Scope and arrangement
The Alix Williamson Papers primarily contain documents related to Williamson's publicity business. This information is centered on her clients, rather than the firm's operations, of which there are few records. A highlight of the collection is Williamson's writing projects, with unpublished examples in the General Professional Papers series, and published columns in the Scrapbooks series. The majority of materials date from 1939-1996, which represents her most active years; there is only one item from her college days - a draft of an article for the school paper and accompanying notes, and no earlier personal data. Williamson began working on her memoirs towards the end of her life, but there is only one folder that is clearly part of this effort (in General Professional Papers). The note "ABW book" appears on some items found throughout the collection, and may refer to her wish to include it in either her memoirs, or more likely, a scrapbook.
There are many photographs in the collection, primarily in the Client Files, but also portraits of Williamson in Series I, and enlarged images in the Oversized Materials series. The photographs are often in the form of contact sheets, negatives, or slides; individual portraits or group shots are not prevalent except for certain clients.
The Alix B. Williamson papers are arranged in five series:
- undated1.88 linear feet (4.5 boxesArrangement: Alphabetical by type
This series documents the full range of Williamson's professional activities, and the personal information found here is often business-related. Many folders complement other parts of the collection, such as the set of contracts between Williamson and her clients. Of note are articles and essays written by Williamson, and her business venture during the 1950s with cocktail napkins depicting humorous scenes from popular operas. Family-related materials are found primarily in Box 3, folders 6 and 7.
- 1918 - 200127.31 linear feet (65.5 boxesArrangement: Alphabetical by client
The Client Files series comprise the bulk of the collection, and covers more than sixty years of the New York music scene, as well as other localities. There were four types of clients she represented - vocalists, musicians, performance groups (from small chamber settings to large orchestras), and music organizations. Many clients' files include correspondence, often only from one side, and back-and-forth exchanges between Williamson and a particular client rarely exist. In other cases, such as the Trapp Family Singers, the majority of the file is photographs or other printed matter. This series also offers much insight into Williamson's business practices. For example, she did not hesitate to pursue legal recourse if a client did not meet the financial obligations set out in their contract (each of these files note the incident). In general, the materials for each client maintain Williamson's original order; the broad category that she called printed matter is frequently broken down into more specific folders. Please note that the set of files labeled "combined" was how Williamson organized those letters or press releases that referred to more than one client (although many items focused on one client in particular).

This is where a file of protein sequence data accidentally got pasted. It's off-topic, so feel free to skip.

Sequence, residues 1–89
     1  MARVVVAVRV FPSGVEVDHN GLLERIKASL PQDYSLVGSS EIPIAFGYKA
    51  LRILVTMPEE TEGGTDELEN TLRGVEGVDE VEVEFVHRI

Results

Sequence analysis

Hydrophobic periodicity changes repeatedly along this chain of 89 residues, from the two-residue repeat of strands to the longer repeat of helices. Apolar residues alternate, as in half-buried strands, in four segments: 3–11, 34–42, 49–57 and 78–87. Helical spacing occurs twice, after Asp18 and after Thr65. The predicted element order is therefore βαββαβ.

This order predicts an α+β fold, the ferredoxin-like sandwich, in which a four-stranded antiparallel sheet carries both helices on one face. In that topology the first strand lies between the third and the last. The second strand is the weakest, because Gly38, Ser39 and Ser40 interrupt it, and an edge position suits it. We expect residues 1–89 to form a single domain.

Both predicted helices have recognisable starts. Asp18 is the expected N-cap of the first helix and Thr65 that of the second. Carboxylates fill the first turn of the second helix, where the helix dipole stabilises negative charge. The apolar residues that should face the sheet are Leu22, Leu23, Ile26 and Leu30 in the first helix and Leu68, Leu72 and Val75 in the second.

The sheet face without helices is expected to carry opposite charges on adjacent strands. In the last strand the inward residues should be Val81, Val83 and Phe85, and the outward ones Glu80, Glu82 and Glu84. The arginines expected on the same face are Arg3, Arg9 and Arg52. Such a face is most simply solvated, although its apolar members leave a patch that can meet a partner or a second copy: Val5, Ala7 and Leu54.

- 1928 - 19954.59 linear feet (11 boxesArrangement: Alphabetical by type
This series contains all of the materials Williamson used for research. Some of it is client-oriented, such as the address card file that she used when sending out press releases or other promotional tools. Much of the series, however, does not have a clearly defined purpose. In particular, the artist files that date from the early 1980s consists of materials that came from other press agents. It is likely that one of Williamson's clients, the Chamber Music Society, considered these artists as potential guests, and she saved this information for reference. Also of interest are the notes, many of which are in Williamson's hand, and match some of her writings found in Series I.
- 1938 - 200124.12 linear feet (18 boxesArrangement: Alphabetical by client
The scrapbooks in this series are records of Williamson's accomplishments as a press agent. Newspaper clippings are the dominant material found here, some of which are pasted onto the book's pages, and others that are loose. Many of these loose clippings are found under the category "Early Clients," a broad term used by Williamson to describe the first ten-fifteen years of her work. Note the difference between this term and "Multiple Clients," which was used to describe those scrapbooks featuring more than one client, but in distinct sections. In addition, many of the clippings duplicate those found in the Client Files series. The scrapbooks include programs and other documentation such as note cards listing interviews. This series also has two folders of personal scrapbooks that contain published articles by Williamson, or about her, as well as documenting programs she participated in.
- 1955 - 19964 linear feet (2 boxesArrangement: Alphabetical by type
The oversized materials found here further document the clients Williamson worked with. There is also artwork from the mid-1950s for her personal business venture with cocktail napkins that depicted humorous scenes from popular operas.